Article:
The action against York International Corp. further illustrates the inherent risks inherent in using agents. In York, the company paid $22 million to settle charges that it paid approximately $522,500 to an intermediary knowing that most of the money was intended to bribe UAE officials to secure contracts. Similarly, going back to the Siemens case, Siemens allegedly paid nearly $20 million in bribes to a former director of the state-owned Israel Electric Company, which were routed through a consultant ostensibly engaged to “identify and define sales opportunities” and otherwise support contract negotiations. In reality, the business consultant was a Hong Kong-based clothing company with no expertise in the power generation industry.
The Textron matter is also relevant because it made many payments through Lebanese and Jordanian consulting firms and was ultimately charged for the manner in which it recorded the payments (a common hook used by government regulators to get companies to admit to FCPA violations). The company recorded the bribes paid through the agent as “commissions”, evidencing its awareness of the illicit nature of the “after-sales service fees”. Textron was also charged for illicit payments made through its Egyptian agent, where the kickbacks were again disguised as commissions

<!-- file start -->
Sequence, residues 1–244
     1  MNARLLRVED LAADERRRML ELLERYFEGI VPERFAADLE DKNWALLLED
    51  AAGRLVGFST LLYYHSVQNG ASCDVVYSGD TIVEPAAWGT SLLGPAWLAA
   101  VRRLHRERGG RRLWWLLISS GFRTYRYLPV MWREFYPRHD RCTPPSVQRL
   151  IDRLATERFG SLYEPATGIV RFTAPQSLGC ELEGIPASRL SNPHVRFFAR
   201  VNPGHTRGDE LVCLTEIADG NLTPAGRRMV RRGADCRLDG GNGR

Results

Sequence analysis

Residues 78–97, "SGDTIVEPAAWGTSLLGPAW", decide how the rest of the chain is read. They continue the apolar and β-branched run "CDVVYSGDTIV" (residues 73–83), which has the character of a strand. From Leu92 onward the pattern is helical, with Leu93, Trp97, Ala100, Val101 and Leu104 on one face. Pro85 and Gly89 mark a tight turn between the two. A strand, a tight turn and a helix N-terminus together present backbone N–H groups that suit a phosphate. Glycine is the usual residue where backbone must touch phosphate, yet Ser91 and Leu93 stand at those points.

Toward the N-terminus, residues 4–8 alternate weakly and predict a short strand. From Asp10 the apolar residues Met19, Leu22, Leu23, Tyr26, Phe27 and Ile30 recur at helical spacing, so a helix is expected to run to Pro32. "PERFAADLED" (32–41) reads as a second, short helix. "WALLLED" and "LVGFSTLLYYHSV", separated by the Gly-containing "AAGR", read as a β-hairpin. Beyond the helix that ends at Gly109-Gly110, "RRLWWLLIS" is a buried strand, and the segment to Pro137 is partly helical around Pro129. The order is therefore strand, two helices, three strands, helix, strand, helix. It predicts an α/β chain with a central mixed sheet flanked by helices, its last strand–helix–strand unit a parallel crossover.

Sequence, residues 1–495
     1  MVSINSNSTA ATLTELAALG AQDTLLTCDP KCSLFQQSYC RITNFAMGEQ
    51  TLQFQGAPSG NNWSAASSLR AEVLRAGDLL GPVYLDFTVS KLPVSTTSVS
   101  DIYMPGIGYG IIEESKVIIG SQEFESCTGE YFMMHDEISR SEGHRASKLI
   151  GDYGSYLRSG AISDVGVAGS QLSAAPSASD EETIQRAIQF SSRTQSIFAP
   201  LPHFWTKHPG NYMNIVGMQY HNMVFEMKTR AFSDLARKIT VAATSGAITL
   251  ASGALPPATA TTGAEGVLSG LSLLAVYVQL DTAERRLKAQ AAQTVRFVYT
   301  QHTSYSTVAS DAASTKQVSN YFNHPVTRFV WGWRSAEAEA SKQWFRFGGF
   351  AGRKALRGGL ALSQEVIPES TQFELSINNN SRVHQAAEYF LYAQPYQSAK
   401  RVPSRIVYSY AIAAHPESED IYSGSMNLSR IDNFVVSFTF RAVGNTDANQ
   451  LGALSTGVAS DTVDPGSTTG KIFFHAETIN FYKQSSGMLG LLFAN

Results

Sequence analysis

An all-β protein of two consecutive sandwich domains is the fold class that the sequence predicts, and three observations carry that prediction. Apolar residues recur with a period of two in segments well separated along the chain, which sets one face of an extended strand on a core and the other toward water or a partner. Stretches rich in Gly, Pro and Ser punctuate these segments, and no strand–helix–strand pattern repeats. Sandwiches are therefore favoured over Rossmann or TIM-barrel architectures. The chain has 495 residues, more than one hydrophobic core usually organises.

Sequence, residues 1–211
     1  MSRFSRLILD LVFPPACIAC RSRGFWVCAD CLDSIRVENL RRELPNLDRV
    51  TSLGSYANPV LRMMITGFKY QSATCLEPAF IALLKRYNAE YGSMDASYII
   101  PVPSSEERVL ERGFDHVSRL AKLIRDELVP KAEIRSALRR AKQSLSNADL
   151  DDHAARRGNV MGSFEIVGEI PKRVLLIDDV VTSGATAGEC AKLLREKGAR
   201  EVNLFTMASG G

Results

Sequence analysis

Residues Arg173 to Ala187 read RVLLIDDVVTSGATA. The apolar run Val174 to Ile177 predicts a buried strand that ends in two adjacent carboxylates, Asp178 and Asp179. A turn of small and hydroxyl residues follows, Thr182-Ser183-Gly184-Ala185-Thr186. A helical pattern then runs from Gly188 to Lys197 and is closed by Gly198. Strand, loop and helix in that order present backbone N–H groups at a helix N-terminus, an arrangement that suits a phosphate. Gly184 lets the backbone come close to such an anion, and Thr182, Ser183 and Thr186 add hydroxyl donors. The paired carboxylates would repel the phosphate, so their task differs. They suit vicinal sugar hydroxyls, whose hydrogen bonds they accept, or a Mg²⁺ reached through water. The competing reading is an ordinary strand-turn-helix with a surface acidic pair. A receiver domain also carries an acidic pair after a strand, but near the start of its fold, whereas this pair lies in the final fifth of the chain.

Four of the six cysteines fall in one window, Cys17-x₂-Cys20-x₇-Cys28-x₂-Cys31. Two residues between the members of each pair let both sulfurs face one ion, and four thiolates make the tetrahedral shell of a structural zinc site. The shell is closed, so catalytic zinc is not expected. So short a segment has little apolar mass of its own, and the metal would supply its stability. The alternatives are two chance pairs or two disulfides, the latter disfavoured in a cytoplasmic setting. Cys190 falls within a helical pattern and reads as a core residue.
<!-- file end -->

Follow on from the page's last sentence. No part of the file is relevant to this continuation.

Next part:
Adding to the complexity of operating in the Middle East is the broad definition of “government official” under the FCPA. Under the government’s interpretation of the FCPA, employees of the state-owned Abu Dhabi National Oil Company in the Textron case were “foreign officials” for purposes of the FCPA. This same view was also applied to quasi-governmental entities, as in HealthSouth, where the company was charged with making illicit payments to the director of a foundation in connection with efforts to secure a staffing and management agreement with a Saudi Arabian hospital.
Other routine interactions with government officials also present FCPA risks. Industries subject to government licensing controls are at risk, as with Latin Node, a Florida-based telecommunications company, that pleaded guilty to violating the FCPA’s antibribery provisions in connection with payments of more than $1 million to government officials in Yemen in order to receive and maintain favorable interconnection rates. The payments were made through a local partner, who received certain profits that Latin Node understood would be paid to government officials.
Interactions with routine government functions also present risks. In the Turk Deltapine case, involving Delta & Pine’s Turkish subsidiary, the company allegedly made payments to government inspectors who issued certifications regarding the fields where the company’s crops were grown. Rather than actually conducting necessary inspections, Turk Deltapine paid off government inspectors, who in turn failed to inspect the fields as they were required to do.
In the case of Control Components executives, both pled guilty to making corrupt payments to officials at various state-owned enterprises, including the Dolphin Energy company in the United Arab Emirates and Safco in Saudi Arabia. As with other cases, the executives made payments to government officials, disguised as “commissions.” The payments were primarily made to individuals at the state-owned companies who had the power to direct business.